11/23/2011 02:55 pm ET Updated Jan 23, 2012

Giving Thanks During Our Time Of Miracles

How can you lose your song?

When you have sung it for so long?
How can you forget your dance, your dance
When that dance is all you ever had?

It must be, it must be true
You can't separate the two
Oh no, you can't
It's impossible to do
Just like the salt in the stew
Oh my, it's all a part of you

- "Salt" by Lizz Wright (emphasis my own)

I will be 31 next month, but it feels like I turned 30 only yesterday. My mother's youngest child, who, to my delight, she still calls "baby", is now a grown woman solidly in her thirties. This has been a whirlwind year of transition in which I watched many dreams unfold and previously shut doors fly open for me and those dear to me. I received a sizeable promotion at work; one of my closest friends applied to Ph.D. programs. My sister became a tech founder in Silicon Valley. I listened to weekly play-by-plays of the life of tween-age niece, a bassist and ballerina, who is growing into a lovely, thoughtful young woman, and I realized how lucky I have been to bear witness to, cheerlead, and usher along all of these beautiful flowerings as best as I can.

There are signs of growth and of a shift in consciousness apparent everywhere. I remember demonstrations against the hazards of globalization during my college years, but nothing within my lifetime can truly compare to the fortitude shown by the huge swaths of the young and the old who have gathered consistently over the past two months to give voice to the realities of inequality. I am heartened by the Arab uprisings of the spring and the emergence of South Sudan. And the intellectual distance between the public responses to Clarence Thomas' confirmation hearings and the Herman Cain debacle assures me that there is no better time to be a woman in this country; I take for granted many of the things my mother, at my age, did not even have the words to vocalize. This is a time of miracles.

Of course, being life, this has also been a time of loss; most notably, for me, a long friendship that I held dear dissolved. There was unprecedented self-doubt after some romantic calamity that I was certain would be my undoing. I believe that I spent all of August bouncing between the stages of grief.

What I can tell you is that for all of the twists and turns - the wreckage, splendor, and the days that just were, I am profoundly overwhelmed with gratitude. On the other side of it all, I grew more solid in my skin than before. More present and awake. My senses sharpened; my interaction with the world became less tentative. Each "yes" grew more certain; each "no," much more resolute. In all endeavors, I began to accept less while simultaneously aspiring for more with enthusiasm, even glee.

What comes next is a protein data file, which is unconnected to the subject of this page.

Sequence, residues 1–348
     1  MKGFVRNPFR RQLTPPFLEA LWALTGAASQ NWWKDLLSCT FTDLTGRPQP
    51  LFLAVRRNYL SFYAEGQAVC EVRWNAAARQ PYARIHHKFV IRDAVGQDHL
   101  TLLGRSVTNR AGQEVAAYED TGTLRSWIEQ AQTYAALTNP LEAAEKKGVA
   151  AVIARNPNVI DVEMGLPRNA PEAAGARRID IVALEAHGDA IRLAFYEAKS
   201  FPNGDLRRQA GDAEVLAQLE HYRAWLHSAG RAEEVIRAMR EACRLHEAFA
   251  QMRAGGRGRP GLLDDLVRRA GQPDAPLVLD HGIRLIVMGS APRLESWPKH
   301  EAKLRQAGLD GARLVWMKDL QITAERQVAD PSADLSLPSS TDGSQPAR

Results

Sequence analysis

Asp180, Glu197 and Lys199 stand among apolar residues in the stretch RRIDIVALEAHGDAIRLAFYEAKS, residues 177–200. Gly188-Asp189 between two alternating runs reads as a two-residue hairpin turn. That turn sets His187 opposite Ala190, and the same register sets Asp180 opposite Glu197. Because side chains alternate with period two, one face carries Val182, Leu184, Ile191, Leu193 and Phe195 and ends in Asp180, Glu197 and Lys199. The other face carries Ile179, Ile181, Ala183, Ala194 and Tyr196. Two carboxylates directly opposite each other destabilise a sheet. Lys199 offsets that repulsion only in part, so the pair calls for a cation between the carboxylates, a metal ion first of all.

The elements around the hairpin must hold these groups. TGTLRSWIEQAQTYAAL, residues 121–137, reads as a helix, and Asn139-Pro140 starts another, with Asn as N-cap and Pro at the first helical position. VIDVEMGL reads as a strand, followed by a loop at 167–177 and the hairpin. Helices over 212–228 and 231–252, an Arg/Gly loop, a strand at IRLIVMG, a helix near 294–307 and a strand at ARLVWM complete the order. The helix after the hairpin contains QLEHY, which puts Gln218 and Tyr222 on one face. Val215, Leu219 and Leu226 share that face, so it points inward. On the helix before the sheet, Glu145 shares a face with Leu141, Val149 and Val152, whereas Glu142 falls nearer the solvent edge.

Is this why our society frowns so heavily upon a woman's aging? Because she grows in her awareness of miracles and develops the muscle to wrestle them to fruition? Because she learns, over time, to claim herself, resist the words of detractors, and discard all that is unnecessary? I guess this is what it means to become "seasoned." What I never knew was that becoming yourself, and I mean really settling into your flaws and gifts and everything else, would feel so sweet. There is no way I would trade today for the silly days of my twenties, when I would thrust myself along haphazardly at whatever came by fashionably presented as an opportunity. But for those days, I am thankful, too.

If I have a daughter, and I one day hope to, I will teach her to her to anticipate and embrace, with gratitude, the loveliness of the growth that comes with time.

For many, the holiday season is fraught with difficultly, especially in these days of economic uncertainty. And, of course, the end of the year causes many of us to dive deep into self-reflection. When you look there, you may find triumph, possibly some disappointment. We certainly live in a time of miracles, yet there is much work still to do and so much pain and negativity to push through to get it done. But what this awe-inspiring year has taught me is that those circumstances, that pain, that calamity, can never trump what is real - your love, your passion, your dreams. Let us give thanks for those things; they sustain us, nurture our miracles into reality, and remain through it all, calling to us, reminding us of who we really are.